June 5, 2003
Tips for grads facing a tough job market
Special to NWjobs
"Every spring and summer we get flooded with thousands of resumes, all saying how much they want to work at Nike," reports a V.P. involved with Nike recruiting. "New grads enthusiastically state how they think Nike is the 'coolest.' Their fatal mistake," he continues, "is that they never elaborate on how they can keep us great. If they'd just cover what skills and strengths they'd bring to us that would benefit our company, they'd get an interview."
Starbucks reports it is receiving more than 900 resumes a day! A human resource manager from Airborne says, "We get thousands of resumes from new grads and few ever state a specific job they want to perform. Do they really think I'm going to spend my time figuring that out for them? Definitely not in the 15 seconds I have to glance at their resume before I move on to the next one."
Face it -- this year's job market is much tougher than years past. So, stand out by using these proven tips to help get your career launched:
- Define the job target. You must be decisive about the job you seek! Using your talents in a way that truly interests you is the most successful strategy for achieving long-term career success and job satisfaction. Investigate and research potential careers -- talk to people who are actually working at that job. Ask about the pros and cons of their work to determine the true reality of doing that job and not how you imagine it to be. Then make your decision and begin to search for specific openings.
- Master the job search process. The HR manager's job is to screen people out; so mailing them resumes probably won't get you the job. You want to reach the department managers making the actual hiring decisions. Few grads ever mail resumes directly to these managers, but those that do often land the quality jobs. Practice your interviewing to create good answers to potential questions. Your appearance must be transformed to project that of a qualified job candidate. Conservative suits are the right choice for both women and men.
- Target your skills. Create effective cover letters and a resume targeted to the specific job you seek. Advertise the abilities you already possess, such as: computer and communications skills, research ability, teamwork, customer service or organizational skills.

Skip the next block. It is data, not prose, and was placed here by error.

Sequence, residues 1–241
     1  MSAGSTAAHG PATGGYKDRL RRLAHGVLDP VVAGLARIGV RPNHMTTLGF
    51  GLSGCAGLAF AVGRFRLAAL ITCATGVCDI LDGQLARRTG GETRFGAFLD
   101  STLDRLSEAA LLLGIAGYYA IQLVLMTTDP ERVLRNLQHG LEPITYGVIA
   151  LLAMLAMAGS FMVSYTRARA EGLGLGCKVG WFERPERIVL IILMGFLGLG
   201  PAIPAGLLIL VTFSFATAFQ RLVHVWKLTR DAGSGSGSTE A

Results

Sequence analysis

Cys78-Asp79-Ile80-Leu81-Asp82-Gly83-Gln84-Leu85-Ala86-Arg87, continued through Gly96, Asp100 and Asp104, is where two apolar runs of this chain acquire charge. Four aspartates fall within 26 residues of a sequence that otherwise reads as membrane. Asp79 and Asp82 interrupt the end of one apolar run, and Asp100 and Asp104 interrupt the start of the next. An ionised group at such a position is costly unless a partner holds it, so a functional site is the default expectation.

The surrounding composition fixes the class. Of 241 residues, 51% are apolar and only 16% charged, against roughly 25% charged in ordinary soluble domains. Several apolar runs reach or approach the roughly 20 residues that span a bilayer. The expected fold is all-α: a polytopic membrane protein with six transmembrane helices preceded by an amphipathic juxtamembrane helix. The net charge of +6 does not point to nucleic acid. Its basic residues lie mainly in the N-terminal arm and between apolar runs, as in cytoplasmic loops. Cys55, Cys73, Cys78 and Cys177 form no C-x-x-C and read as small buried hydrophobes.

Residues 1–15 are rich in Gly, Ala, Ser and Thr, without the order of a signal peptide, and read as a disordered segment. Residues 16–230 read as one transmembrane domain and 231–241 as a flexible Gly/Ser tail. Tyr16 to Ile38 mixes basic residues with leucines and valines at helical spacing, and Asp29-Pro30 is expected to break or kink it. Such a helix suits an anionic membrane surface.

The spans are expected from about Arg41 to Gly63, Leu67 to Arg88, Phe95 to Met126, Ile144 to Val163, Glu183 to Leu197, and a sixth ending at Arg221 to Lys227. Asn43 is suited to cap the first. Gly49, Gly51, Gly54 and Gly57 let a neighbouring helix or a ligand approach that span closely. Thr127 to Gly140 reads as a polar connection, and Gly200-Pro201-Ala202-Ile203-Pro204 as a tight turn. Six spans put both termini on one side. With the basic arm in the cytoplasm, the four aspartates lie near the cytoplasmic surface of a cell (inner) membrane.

- Consider small businesses. Most hiring this year is with small employers and nonprofit companies so don't overlook them. Smaller businesses offer a chance to get more experience and develop your career faster. Ask friends and family for leads, plus check online job sites and the local Sunday paper for openings.
- Get experience. Temporary jobs are the answer. Two months of volunteering or interning can help you move into a better company, and a more interesting job because you'll have recent experience to add to your resume.
- Be picky. Choose a job in which you will learn a great deal from your new boss. Seek a person who appears to take an interest in you and your professional development. His or her mentorship and guidance will set the stage for future job growth, so select carefully.
Still not sure how to move forward? Take a job-search seminar, read books and consider consulting a career counselor for guidance.
Robin Ryan has appeared on Oprah, NBC Nightly News with Tom Brokaw, CNN, CNBC and is considered America's top career coach. She is the best-selling author of: 60 Seconds & You're Hired!; Winning Resumes; Winning Cover Letters, and What to Do with the Rest of Your Life. She's the creator of the highly acclaimed audio training program Interview Advantage and The DreamMaker. Robin's passion is helping people find better jobs which she successfully does through her career counseling practice where she offers individual career coaching and resume writing services. A popular national speaker, Robin has spoken to over a thousand audiences on improving their lives and obtaining greater success. To purchase products or contact Robin visit her Web site at www.robinryan.com.
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